545 Tasting Notes
2 TB for 600mL pot, bare, steeped 8 minutes on a warming plate.
Okay, the only reason I’m logging about Damn Fine Holiday Blend AGAIN is because I keep experimenting with it and want to share. This time I made a small pot and steeped it on the mug-warmer playe I keep on my desk these days. Highly recommend one for your small pots.
Normally I use 1 TB for 500mL, but today tried adding “one for the pot.” Then carefully poured some of this ambrosia into a small china cup.
Yep, right thing to do.
Slightly heavier body, no bitterness, dark copper liquor, bright Ceylon (?) notes, assertive Assam malt. Winey Keemun (?) in the aftertaste. Faintest whiff of Darjeeling, I think.
Every batch of HB I’ve made has been slightly different. Very glad I ordered another tin, because this one is 3/4 gone.
Thank you, Steepsterites, for alerting me to A&D.
1 TB for 500mL water, drunk bare, steeped 4 minutes in a covered mug. water just off the boil.
I’ve already made several notes on the Damn Fine Holiday blend. Today I just want to add that, as it cools, fruity notes come out. Second fruity surprise today, and most welcome.
1 sachet for 250mL water, covered and steeped a good 10 minutes while I showered.
Oh, mad-hot steeped tea right out of the shower. YUM.
This Darjeeling, one of my faves, does not get bitter with a long steep but does get very fruity — sunshine fruit with a hint of plum, plus some sharp Muscatel. A lovely Darjeeling blend.
1 sachet for 250mL water, stepped 5 minutes, drunk bare.
Hmmmmm. God save the queen. Or at least this tea. The label says “Chinese black teas, stirred with pieces of dried stone fruit, then finished with oil of bergamot and honey flavors.” The base teas are fairly robust, especially for China tea, and they don’t drown beneath the fruit, bergamot and honey flavours. The bergamot is subtle but kisses you in the aftertaste. The honey scent is pleasant. Not sure what the “stone fruit” is — peaches? plums? I get more plum scent than anything else.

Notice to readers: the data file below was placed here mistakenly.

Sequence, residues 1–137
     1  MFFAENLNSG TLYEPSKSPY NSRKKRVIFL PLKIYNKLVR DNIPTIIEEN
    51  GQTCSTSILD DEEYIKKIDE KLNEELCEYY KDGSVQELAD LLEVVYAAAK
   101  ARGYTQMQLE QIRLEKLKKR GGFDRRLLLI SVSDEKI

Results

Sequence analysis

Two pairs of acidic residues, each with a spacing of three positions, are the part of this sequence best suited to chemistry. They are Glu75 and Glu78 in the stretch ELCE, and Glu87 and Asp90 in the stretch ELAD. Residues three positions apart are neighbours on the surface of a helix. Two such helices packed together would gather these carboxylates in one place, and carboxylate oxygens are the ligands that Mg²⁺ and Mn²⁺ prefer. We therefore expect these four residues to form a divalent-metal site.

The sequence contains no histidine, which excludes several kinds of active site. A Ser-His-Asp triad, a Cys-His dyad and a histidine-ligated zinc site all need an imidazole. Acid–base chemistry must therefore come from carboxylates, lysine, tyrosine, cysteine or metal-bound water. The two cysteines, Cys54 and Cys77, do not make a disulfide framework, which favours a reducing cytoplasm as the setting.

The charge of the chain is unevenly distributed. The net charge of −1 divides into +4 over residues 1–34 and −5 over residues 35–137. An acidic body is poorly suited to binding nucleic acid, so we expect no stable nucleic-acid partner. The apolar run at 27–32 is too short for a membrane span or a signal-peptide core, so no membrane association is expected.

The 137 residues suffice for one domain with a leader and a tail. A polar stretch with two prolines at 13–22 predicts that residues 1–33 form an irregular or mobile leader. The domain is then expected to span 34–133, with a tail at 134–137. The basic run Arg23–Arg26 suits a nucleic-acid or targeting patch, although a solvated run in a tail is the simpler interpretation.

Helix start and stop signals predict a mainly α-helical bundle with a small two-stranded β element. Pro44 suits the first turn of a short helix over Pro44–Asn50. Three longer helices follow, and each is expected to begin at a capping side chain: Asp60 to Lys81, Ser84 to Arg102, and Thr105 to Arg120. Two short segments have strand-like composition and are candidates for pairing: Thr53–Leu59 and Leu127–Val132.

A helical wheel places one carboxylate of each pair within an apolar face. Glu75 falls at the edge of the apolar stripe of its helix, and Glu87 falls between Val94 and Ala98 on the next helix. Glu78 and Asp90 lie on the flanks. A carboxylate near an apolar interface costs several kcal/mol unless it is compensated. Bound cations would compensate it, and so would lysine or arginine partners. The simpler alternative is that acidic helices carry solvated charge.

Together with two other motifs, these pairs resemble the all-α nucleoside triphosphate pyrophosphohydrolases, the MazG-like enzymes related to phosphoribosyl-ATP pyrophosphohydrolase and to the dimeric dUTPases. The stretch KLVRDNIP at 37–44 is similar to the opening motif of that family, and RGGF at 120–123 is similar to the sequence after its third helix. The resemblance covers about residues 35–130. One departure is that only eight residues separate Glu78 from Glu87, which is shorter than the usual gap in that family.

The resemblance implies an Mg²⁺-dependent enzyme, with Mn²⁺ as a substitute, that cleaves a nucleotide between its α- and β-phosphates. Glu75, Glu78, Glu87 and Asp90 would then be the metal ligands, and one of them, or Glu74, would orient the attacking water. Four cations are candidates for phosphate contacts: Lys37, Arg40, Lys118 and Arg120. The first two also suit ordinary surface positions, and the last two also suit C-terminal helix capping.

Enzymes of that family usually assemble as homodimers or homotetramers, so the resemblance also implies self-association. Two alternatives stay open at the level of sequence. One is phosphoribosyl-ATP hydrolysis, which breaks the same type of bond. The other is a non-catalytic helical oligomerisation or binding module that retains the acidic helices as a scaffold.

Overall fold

Overall scent is a tiny bit artificial. The taste is less so, but still there’s something fakey going on. I am strongly biased against flavoured black teas, so my review of Tower of London (and Paris) should be taken with my prejudices in mind.
A pleasant-enough flavoured black, but still disappointing. Maybe I have a stale batch. I won’t be buying this again.
1 sachet for 250mL water, drunk bare.
I’ve only seen Harney and Sons Tea in my city at Christmas time, and then only at the ChaptersIndigo (like Barnes & Noble) book store. The tins are pretty, especially the big ones that hold 30 sachets, but they’re also expensive. And tins that only show up around Christmas usually aren’t the highest quality in the land.
But I’ve done some research on Harney this year, and today I broke down and bought a 20-sachet tin of Paris and a 30-sachet tin of Tower of London. (Dang — thought the ToL was loose tea. Oh, well.)
Flavoured black tea and I often don’t get along. I found an Earl Grey I really like earlier this year and nearly tap-danced for joy. Too, too often the flavours mask a poor quality base tea.
Paris. Hmm. Visited Paris in May of 1989 and left a large chunk of my heart there. Totally hope to return. Paris smelled to me those weeks of fruit, coffee, diesel (?), dirty river (the Seine), dog turds, fresh baguettes, brie, oranges butter, chocolate and people. I loved it. A lively, not always pretty smell.
The Paris tea, however, is awfully pretty. The tin promises “natural and art [artifical, I presume] vanilla, fruit and citrus flavors.” Apparently this is a “fruit black tea with a hint of lemony bergamot.” It’s a pretty subtle hint. I can catch awhiff of it from the dry sachets, but in the brew all I’m getting is limp China black tea and a really heavy vanilla flavor. Almost sickly sweet. And grenadine — yeah, this reminds me of a horror I once tried called Vanilla Monk’s Blend. Oh. Yuk.